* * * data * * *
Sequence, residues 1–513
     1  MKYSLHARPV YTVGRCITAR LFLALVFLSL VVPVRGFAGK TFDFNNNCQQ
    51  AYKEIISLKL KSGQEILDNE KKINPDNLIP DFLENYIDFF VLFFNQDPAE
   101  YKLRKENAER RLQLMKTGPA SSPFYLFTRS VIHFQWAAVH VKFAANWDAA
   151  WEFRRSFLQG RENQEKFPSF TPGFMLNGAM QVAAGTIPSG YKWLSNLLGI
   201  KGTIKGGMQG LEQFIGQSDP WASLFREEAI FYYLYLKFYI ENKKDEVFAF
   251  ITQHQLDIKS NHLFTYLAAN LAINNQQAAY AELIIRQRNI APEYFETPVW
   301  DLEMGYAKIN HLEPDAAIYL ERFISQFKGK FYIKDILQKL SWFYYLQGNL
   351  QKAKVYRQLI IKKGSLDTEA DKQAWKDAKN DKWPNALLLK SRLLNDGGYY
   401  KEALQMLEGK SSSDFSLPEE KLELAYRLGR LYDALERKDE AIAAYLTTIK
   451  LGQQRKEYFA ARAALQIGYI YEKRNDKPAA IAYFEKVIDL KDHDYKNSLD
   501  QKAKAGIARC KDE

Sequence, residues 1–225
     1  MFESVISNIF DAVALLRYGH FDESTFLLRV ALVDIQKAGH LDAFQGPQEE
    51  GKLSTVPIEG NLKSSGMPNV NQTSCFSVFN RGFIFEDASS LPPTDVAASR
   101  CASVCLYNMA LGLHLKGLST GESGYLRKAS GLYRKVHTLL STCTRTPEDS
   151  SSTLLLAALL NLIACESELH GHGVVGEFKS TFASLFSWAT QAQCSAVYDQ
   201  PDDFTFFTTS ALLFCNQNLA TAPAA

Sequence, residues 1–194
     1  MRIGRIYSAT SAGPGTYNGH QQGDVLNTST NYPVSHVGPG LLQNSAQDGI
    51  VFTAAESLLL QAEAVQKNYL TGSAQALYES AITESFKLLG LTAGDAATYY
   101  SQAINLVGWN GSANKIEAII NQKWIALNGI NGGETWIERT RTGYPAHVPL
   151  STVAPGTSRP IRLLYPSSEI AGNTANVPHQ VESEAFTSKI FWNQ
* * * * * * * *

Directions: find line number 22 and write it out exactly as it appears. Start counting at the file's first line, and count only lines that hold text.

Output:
   101  SQAINLVGWN GSANKIEAII NQKWIALNGI NGGETWIERT RTGYPAHVPL